As stated at the outset, the present invention is directed to a method and apparatus for automatically transplanting seedlings which contemplates continuously advancing an apparatus along a field and synchronizing the formation of plant-receiving cavities for subsequent insertion of seedlings thereinto. More specifically, the present invention contemplates that the seedlings will be continuously inserted into the cavities by means of plant setters which are actuated for downward movement for engaging against the upper surface of a seedling in a selected cell of a seedling tray for pushing the seedling downwardly therethrough and into a pre-formed cavity. It is necessary to index the seedling trays after each cycle so that the seedlings may be inserted into a plurality of crop rows.
With the above overview generally in mind, attention is directed initially to FIG. 1 of the drawings which, in reduced scale, illustrates an agricultural vehicle such as a tractor, indicated generally at 10, pulling an apparatus for automatically transplanting crops such as seedlings, in accordance with the present invention, generally indicated at 12. The transplanting apparatus will now be described specifically in an embodiment which is configured for transplanting seedlings into eight crop rows in a field. The eight rows are designated in FIG. 1 at R1 -R8. More detailed drawings of apparatus 12 are set forth in FIGS. 2 and 3 and attention will now be directed to those drawings.
As shown in FIG. 2, apparatus 12 is constructed with a frame assembly which defines a vehicle means operable for movement over a field, and includes a three-point hitch arrangement having connections such as indicated at 14, 16 for securing via arms to the rear of tractor 10. Transplanting apparatus 12 is defined by a frame assembly which is made up of several components, the first of which may be thought of as a base or skid assembly, generally indicated at 18. The skid assembly is defined by a plurality of spaced-apart, ground-engaging skid members which can be best seen from a consideration of FIG. 3. For example, a front skid plate 20 is formed with an upwardly extending leading edge 20a and an elongate skid plate 22 extends rearwardly from skid plate 20. Similarly, additional front skid plate and elongate skid plate pairs are provided for connection to one another such as indicated at 24, 26 and 28, 30. FIG. 3 has its right side portion cut off, so that only six crop rows, i.e. R1 -R6 are illustrated, although it is to be understood that if eight rows are to be transplanted, then additional skid plate assemblies would be positioned spaced-apart from that indicated at 28, 30.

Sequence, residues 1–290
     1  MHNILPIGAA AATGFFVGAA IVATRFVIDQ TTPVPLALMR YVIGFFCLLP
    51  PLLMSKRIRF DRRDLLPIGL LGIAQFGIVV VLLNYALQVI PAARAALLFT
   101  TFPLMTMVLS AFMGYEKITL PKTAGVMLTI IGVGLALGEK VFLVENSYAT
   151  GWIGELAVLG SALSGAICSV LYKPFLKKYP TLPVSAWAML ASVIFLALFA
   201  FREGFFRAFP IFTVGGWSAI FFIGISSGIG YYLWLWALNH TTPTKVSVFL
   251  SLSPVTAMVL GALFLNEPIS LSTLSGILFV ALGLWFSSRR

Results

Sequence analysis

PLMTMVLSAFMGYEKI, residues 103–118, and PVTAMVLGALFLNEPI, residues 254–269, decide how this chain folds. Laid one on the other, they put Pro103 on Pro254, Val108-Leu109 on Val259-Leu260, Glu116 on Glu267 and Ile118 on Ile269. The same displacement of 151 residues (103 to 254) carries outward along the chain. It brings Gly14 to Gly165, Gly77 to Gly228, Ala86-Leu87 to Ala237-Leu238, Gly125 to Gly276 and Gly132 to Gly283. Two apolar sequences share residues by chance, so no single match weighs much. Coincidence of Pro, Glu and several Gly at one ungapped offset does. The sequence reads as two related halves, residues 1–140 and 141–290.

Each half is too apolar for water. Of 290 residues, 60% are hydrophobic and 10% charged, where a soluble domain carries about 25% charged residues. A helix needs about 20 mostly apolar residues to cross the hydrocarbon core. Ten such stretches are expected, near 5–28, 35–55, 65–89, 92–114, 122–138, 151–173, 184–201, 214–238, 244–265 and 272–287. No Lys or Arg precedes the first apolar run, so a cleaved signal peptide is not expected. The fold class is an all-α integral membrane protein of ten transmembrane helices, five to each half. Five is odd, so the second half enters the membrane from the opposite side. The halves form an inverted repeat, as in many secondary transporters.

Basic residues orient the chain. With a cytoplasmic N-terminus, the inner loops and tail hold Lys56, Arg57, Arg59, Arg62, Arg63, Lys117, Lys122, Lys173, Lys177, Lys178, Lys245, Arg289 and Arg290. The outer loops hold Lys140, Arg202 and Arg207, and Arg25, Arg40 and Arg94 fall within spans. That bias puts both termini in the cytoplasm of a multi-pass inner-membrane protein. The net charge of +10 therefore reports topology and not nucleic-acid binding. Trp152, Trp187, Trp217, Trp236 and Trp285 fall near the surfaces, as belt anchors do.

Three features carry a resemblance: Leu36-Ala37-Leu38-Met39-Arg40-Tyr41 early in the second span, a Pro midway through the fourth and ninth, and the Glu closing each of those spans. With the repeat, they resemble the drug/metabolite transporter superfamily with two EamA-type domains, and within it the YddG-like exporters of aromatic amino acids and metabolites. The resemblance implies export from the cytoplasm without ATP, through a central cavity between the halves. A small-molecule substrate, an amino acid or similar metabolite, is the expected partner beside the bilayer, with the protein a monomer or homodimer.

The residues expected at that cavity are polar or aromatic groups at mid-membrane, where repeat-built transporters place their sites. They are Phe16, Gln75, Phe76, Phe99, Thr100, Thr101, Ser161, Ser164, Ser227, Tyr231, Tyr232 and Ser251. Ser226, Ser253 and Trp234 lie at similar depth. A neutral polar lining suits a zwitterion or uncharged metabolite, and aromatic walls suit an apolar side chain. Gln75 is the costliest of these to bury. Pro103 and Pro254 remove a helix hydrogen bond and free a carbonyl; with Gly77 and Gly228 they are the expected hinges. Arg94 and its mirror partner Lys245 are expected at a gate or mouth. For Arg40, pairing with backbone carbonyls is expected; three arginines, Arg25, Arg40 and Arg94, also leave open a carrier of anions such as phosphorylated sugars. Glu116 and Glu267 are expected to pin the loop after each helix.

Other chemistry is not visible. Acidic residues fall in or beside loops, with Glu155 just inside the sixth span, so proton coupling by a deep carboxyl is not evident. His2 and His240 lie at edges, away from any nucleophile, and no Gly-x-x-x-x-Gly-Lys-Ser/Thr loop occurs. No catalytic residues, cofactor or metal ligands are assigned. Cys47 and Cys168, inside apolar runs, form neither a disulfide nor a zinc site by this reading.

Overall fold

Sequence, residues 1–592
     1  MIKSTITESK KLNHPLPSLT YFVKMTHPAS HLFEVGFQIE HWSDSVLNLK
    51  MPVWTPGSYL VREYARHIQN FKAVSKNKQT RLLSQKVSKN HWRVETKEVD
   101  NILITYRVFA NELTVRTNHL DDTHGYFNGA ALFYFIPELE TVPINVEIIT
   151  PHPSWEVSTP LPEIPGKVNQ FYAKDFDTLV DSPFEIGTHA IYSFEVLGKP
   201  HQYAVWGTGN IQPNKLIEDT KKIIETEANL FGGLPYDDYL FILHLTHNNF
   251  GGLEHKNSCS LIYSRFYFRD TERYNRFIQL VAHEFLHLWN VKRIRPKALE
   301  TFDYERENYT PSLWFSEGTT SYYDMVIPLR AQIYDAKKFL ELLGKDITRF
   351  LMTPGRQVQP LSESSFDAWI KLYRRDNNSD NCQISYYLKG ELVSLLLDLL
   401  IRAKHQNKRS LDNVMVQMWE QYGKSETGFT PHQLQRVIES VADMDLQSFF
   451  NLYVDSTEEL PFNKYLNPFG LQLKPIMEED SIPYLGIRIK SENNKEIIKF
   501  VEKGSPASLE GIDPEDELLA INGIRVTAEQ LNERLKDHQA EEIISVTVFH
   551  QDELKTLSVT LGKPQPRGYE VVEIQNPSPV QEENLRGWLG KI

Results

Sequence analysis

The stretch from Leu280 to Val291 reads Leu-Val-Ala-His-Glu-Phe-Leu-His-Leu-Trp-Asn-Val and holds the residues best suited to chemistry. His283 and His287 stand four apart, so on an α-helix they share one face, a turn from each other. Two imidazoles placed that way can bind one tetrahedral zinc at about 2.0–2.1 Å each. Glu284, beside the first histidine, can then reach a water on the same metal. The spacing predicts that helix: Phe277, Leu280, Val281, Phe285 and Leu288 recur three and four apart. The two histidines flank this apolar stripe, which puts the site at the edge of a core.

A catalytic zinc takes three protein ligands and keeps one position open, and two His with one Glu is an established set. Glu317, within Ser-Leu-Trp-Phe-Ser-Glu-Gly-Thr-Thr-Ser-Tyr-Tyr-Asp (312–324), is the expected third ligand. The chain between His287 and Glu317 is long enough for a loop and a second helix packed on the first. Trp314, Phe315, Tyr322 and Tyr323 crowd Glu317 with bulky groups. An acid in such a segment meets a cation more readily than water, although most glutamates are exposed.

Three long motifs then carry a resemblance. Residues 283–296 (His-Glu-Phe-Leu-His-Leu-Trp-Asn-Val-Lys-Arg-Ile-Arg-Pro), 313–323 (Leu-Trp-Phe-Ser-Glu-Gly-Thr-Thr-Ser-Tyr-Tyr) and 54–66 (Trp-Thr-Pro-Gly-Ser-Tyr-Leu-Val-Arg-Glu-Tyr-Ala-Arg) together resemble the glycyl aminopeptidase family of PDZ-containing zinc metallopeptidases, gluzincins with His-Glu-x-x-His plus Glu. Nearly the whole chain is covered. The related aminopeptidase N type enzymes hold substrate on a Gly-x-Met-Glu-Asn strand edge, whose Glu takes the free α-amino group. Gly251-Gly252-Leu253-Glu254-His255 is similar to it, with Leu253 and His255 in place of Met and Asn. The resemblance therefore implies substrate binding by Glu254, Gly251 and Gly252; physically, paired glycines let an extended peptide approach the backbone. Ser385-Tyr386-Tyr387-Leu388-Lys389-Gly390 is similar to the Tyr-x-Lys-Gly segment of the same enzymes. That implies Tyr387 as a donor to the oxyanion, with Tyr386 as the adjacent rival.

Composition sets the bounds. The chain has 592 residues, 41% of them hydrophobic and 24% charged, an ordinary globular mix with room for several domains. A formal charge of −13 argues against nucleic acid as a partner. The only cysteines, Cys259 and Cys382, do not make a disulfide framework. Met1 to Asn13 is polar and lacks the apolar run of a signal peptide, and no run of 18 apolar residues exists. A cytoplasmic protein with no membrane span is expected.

Extending upwardly from each of the front and elongate skid plates are uprights such as indicated at 32, 34 which are shown in FIG. 2 as extending upwardly from front and elongate skid plates 20, 22, respectively. Similarly, uprights such as indicated at 36, 38 extend upwardly from front and rear skid plates 24, 26, respectively. Each of the uprights has secured thereto a clamp bracket assembly such as indicated at 40, 42 for supporting elongate, tubular members such as indicated at 44, 46 at the fore and aft ends of the transplanting apparatus. As shown in FIG. 3, tubular members 44, 46 extend generally across the width of the transplanting apparatus and provide a connection for mounting an upper frame assembly generally indicated at 48 (see also FIG. 2). The upper frame assembly is provided as a mount and support for a shiftable carriage means and other components which will be described hereinafter and is generally formed as an elongate box-like frame.
For example, as can be seen from a consideration of FIG. 3, upper frame assembly 48 includes a pair of laterally extending fore and aft members 50,52 which are supported above like members secured via uprights such as indicated at 54, 56. The uprights, such as those indicated at 54, 56 are secured to associated clamping brackets such as those indicated at 40, 42. Upper and lower cross members, such as indicated at 58, 60 are placed at suitable locations to interconnect elongate members 50, 52 and the corresponding members positioned therebeneath. As can be seen from a viewing of the right side of FIG. 3, upper cross member 64, which is shown broken away, is positioned above a lower cross member 66 and interconnects ends of elongate members 50, 52.
It should also be observed that elongate members 50, 52 are hollow for receiving a frame extension such as illustrated to the left of FIG. 3. For example, extension members such as indicated at 68, 70 are bridged together by cross member 72 so that the construction may be shifted toward or away from upper cross member 58 of upper frame assembly 48. Similarly, an extension assembly is provided on the right side of transplanting apparatus 12, extending from elongate members 50, 52 as partially shown by extension members 74, 76. The extension assemblies are provided for supporting pallets of seedling trays which will be fed into the transplanting apparatus in a manner to be hereinafter described. The extension assemblies may be shifted inwardly to provide a compact arrangement during transport of the transplanting apparatus from one field to another.